Running Out of Time 2



Reviewed by YTSL

In his review of the 1999 movie that this 2001 offering is -- at least by way of its title -- recognized as a sequel of, Brian tendered the opinion that: “For those of you who are Milkyway purists, this film may be a slight disappointment. It is not nearly as dark, violent or subversive as most of their earlier films.”  Who could have foreseen some two years ago now that his words would be even more applicable to a then surely unplanned follow-up effort that is much more of a laid-back caper type work than intense crime drama, and which I think will serve as confirmation for many people that Johnnie To and the other Milkyway Image production company folks have gone too soft for their previously die-hard fans’ liking?  Certainly not me.  But then, I’m also someone who had my doubts about liking this (already) much criticized effort shattered for the most part upon my checking out an in-cinema screening of it (at the Philadelphia Festival of World Cinema).

Yes, dear reader, you did just correctly read that I -- whose favorite Milkyway Image movies, for the record, are “A Hero Never Dies” and “Where a Good Man Goes” -- did enjoy taking in the not particularly aptly named -- not least since more than one of this rather leisurely paced film’s main characters can seem to act as though they have all the time in the world to spare -- RUNNING OUT OF TIME 2!  And if you’re wondering, I do think that something that undoubtedly contributed to my viewing pleasure of that which undeniably is a light weight piece was the very clean as well as large 35 mm print presentation of Cheng Siu-Keung’s attractively lensed images of Hong Kong’s showcased urban and other landscapes.  Alternatively, a favorable factor that ought to be discernible plus attractive when viewing this Johnnie To and Law Wing-Cheong co-directed film on a small -- not just sizable -- screen is that which stems from a clearly at-the-top-of-his-charismatic-game Lau Ching Wan having the lead role (of Inspector Ho, a plain-clothes police officer who seems to be known for his doggedness and finds himself involved in a cat & mouse contest that -- surprise, surprise! -- does bear certain resemblances to that which he played with Andy Lau’s character in the first “Running Out of Time”).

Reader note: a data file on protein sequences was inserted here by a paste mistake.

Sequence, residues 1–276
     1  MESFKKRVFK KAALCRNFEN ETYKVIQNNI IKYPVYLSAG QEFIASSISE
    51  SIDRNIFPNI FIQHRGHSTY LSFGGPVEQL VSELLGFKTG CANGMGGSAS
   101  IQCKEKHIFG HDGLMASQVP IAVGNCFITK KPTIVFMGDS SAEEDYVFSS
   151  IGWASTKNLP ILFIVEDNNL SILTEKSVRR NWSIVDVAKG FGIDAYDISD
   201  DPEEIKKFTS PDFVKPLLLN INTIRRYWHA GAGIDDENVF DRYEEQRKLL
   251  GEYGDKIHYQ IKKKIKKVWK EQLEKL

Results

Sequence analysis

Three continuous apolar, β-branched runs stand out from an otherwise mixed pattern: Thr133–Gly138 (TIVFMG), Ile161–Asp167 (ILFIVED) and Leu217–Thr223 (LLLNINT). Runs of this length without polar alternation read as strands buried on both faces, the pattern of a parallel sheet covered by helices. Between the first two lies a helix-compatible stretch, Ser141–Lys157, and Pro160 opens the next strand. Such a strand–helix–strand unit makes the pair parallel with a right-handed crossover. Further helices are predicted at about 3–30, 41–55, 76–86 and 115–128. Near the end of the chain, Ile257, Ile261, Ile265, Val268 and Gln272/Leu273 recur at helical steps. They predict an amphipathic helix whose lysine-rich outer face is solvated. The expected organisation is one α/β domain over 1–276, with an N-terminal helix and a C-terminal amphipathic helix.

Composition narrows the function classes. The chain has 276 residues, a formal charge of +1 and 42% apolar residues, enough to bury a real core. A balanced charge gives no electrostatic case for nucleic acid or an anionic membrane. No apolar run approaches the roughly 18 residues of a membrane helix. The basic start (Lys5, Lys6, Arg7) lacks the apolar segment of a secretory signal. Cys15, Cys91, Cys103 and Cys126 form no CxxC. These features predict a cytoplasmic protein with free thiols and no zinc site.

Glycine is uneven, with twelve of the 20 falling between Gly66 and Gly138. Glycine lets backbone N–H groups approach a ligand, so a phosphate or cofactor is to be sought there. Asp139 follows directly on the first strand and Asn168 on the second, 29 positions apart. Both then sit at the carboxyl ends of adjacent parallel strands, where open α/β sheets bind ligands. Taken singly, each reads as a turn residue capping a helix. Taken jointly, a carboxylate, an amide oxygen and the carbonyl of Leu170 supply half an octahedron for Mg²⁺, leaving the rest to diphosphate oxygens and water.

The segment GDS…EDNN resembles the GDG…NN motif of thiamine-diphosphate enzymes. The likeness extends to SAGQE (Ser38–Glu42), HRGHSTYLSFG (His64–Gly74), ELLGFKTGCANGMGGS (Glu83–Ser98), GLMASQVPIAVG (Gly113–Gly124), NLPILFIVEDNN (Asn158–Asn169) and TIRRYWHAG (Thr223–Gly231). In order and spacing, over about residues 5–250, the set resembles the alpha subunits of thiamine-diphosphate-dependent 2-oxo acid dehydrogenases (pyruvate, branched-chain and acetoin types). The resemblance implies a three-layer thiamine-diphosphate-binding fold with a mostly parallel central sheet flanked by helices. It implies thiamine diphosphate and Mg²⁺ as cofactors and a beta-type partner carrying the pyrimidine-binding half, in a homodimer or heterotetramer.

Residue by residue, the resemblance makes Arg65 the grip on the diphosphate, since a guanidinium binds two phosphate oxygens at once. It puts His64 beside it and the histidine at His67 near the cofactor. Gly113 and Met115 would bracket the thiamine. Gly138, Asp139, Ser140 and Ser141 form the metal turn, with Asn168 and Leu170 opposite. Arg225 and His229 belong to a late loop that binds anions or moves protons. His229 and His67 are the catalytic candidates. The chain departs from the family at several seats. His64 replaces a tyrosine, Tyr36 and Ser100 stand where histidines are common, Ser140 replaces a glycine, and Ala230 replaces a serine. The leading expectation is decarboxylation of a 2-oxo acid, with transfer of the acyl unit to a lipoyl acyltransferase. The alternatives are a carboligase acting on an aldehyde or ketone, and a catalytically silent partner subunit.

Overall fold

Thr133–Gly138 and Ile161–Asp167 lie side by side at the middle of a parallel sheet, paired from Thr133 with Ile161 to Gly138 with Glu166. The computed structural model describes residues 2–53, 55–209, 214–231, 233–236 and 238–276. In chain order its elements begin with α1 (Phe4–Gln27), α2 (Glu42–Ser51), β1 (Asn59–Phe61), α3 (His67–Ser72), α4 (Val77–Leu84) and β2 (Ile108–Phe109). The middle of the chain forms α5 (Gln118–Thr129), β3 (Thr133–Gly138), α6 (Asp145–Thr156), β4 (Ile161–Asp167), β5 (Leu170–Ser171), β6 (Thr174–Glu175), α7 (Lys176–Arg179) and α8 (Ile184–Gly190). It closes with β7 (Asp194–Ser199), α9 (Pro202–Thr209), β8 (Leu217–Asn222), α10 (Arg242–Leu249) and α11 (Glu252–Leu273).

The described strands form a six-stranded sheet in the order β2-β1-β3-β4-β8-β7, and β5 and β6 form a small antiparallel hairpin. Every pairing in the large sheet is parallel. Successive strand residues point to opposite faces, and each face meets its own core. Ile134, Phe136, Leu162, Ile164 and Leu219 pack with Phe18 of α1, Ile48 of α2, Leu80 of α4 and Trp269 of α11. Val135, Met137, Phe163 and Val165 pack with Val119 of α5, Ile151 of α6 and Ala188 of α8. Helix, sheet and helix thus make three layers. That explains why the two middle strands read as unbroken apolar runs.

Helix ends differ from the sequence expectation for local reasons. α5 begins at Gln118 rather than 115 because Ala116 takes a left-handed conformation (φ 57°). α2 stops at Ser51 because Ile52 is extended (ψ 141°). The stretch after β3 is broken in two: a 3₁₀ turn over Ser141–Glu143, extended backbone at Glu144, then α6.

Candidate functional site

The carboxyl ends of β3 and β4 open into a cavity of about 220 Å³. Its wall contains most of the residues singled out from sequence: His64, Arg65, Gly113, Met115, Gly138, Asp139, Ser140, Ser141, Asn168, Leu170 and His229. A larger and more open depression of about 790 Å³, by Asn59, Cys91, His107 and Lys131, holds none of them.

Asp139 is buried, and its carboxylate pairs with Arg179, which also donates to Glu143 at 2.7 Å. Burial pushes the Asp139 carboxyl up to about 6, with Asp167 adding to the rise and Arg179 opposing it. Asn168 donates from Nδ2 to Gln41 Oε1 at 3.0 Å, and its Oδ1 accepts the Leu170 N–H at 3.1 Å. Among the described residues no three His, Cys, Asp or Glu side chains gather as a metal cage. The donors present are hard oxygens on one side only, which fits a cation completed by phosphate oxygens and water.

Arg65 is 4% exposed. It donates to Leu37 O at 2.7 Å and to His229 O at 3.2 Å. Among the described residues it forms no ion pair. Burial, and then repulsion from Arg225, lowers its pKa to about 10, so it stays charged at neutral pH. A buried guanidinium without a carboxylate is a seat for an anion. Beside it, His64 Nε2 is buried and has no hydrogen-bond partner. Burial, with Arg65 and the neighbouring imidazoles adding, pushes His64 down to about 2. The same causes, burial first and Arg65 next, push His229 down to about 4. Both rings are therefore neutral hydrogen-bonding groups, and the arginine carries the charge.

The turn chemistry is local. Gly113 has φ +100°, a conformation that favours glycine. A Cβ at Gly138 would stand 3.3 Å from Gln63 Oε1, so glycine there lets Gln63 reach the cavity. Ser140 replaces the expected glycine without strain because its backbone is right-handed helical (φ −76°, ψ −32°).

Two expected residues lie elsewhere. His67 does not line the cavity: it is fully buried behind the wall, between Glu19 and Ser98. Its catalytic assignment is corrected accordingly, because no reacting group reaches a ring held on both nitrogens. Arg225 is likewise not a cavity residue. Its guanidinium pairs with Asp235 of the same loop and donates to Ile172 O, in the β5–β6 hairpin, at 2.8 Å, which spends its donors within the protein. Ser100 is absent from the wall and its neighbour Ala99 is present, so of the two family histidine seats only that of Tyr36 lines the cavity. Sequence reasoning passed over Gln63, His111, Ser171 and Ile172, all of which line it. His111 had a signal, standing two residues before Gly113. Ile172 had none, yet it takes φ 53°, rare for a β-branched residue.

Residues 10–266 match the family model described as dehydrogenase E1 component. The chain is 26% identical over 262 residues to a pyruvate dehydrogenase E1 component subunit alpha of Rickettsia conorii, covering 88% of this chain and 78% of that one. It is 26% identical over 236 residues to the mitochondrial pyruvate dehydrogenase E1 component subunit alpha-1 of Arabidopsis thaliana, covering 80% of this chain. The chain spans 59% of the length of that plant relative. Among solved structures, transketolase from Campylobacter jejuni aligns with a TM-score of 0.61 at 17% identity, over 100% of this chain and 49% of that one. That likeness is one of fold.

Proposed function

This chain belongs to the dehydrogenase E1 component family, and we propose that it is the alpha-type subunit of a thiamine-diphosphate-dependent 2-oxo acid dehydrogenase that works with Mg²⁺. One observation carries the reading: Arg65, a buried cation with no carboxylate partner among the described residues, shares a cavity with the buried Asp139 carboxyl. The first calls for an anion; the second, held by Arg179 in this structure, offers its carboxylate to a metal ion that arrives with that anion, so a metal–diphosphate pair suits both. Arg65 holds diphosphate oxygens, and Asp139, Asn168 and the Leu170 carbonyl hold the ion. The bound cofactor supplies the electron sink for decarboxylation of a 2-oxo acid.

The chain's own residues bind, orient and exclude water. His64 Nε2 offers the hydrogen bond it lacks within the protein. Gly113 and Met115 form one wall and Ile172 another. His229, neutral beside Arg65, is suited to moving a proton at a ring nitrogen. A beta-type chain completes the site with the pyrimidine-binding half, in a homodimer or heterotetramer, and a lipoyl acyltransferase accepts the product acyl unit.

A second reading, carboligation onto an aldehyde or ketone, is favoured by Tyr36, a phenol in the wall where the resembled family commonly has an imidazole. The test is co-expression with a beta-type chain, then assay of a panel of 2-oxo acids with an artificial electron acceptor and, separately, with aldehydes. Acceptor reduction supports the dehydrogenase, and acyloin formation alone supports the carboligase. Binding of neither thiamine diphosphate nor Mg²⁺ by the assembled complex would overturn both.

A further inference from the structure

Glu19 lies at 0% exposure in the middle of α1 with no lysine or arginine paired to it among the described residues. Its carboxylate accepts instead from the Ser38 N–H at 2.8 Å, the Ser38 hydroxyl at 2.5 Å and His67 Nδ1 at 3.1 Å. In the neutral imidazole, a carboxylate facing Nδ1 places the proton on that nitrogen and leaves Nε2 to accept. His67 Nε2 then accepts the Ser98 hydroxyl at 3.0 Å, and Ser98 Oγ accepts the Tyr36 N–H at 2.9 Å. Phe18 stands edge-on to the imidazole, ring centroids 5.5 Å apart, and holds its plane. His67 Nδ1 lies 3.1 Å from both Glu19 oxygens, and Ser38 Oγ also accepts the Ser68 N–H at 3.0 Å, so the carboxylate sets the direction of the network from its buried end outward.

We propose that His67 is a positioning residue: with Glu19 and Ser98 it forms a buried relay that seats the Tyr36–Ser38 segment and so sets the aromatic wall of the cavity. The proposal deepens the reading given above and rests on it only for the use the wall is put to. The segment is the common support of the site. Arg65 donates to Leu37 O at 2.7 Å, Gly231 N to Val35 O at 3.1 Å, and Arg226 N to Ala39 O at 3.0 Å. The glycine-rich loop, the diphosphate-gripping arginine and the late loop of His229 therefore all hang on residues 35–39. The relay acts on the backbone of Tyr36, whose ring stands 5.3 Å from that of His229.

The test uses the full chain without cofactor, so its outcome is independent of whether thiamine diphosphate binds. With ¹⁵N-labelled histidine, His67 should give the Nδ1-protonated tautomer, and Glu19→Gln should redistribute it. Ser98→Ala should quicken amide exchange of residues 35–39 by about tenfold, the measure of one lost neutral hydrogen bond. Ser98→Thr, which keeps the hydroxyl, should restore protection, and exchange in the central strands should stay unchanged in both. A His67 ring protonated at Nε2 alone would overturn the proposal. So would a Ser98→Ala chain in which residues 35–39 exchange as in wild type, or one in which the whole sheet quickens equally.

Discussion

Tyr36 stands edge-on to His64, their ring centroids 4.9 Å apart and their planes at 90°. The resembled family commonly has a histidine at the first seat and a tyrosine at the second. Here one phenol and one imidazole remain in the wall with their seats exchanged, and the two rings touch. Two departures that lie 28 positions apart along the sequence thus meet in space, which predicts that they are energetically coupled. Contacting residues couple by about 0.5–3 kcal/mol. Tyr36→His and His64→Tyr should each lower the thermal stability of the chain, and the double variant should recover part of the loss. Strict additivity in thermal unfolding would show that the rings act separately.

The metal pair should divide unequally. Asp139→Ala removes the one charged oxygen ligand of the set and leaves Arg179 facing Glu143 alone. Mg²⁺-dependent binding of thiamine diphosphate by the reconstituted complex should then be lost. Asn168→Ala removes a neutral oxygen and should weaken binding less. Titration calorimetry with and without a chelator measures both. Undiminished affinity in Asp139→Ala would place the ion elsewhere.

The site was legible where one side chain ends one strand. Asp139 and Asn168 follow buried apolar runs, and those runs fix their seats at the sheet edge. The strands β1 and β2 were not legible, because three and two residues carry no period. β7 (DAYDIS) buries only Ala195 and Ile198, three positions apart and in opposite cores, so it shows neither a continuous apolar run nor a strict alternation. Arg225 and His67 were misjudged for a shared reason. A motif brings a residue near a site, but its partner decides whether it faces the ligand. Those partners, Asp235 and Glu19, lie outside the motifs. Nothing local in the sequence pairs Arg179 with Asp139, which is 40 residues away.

In RUNNING OUT OF TIME 2, the crime-committing adversary for the often hapless police (whose ranks include the there-largely for-comic-relief Assistant Commissioner essayed by Hui Siu Hung, an incredibly luckless gambling addicted negotiator played by the consistently watchable Lam Suet, and the superior officer essayed by a way too brief appearance making Ruby Wong) is quickly revealed to be someone who has stolen three valuable objects from the company headed by a young woman named Jessica (who is portrayed by the apparently more comfortably English plus Mandarin than Cantonese speaking Kelly Lin).  The ransom demand of the mischievous mystery man with a demonstrated predilection for smoke bombs, magical tricks and ownership of a (largely, if not completely CGI) bald-headed eagle starts off at a cool HK$20 million, then gets raised to a whopping HK$100 million (albeit in duplicate(d) rather than actual bank notes)?  For good measure, the obviously fun as well as money seeking personality (who comes in the form of an actually capable acting Ekin Cheng) also seems intent on thinking up ways of getting Inspector Ho all worked up and -- with a team in tow -- on what amounts to an often frustrating yet nonetheless often quite scenic tour of much of the HKSAR.
The way RUNNING OUT OF TIME 2 proceeds, it doesn’t seem to matter all that much -- not least to the plot hole filled movie’s scriptwriting crew of Yau Nai-Hoi, Au Kin Yee and that which is collectively identified as the Milkyway Creative Team -- whether Ekin Cheng’s character (whose name I never managed to catch) gets what he wants (and returns what he had promised to do), Lau Ching Wan’s Inspector Ho succeeds in capturing his not particularly menacing prey, and what the movie’s nominal villain sought to do with the cash that he hoped to procure using really unorthodox as well as illegal means.  Instead, the main purpose of it all -- rather than just the big thrilling pay off -- for even the most concerned parties involved in the story seems to come from playing what generally, not just ultimately, does get treated very much as a sporting challenge (rather than a majorly serious affair).
As one might expect, this state of affairs is not one that makes for the existence of much mega win-or-lose, never mind live-or-die, type tension and suspense.  Frankly speaking, it also doesn’t make for RUNNING OUT OF TIME 2 being among the most memorable as well as exciting of movies (But then, if truth be further told, I didn’t find the generally tauter feeling ROOT1 to be especially unforgettable either).  On a more positive note, it does allow for a quite good natured and vibe inducing cheeriness to envelope a substantial portion of the Raymond Wong music scored work (that admittedly could have been better than it is, but also could rather easily have been worse; not least by way of containing more (poorly delivered) English language dialogue than it already unfortunately does...).

My rating for this film:  6.5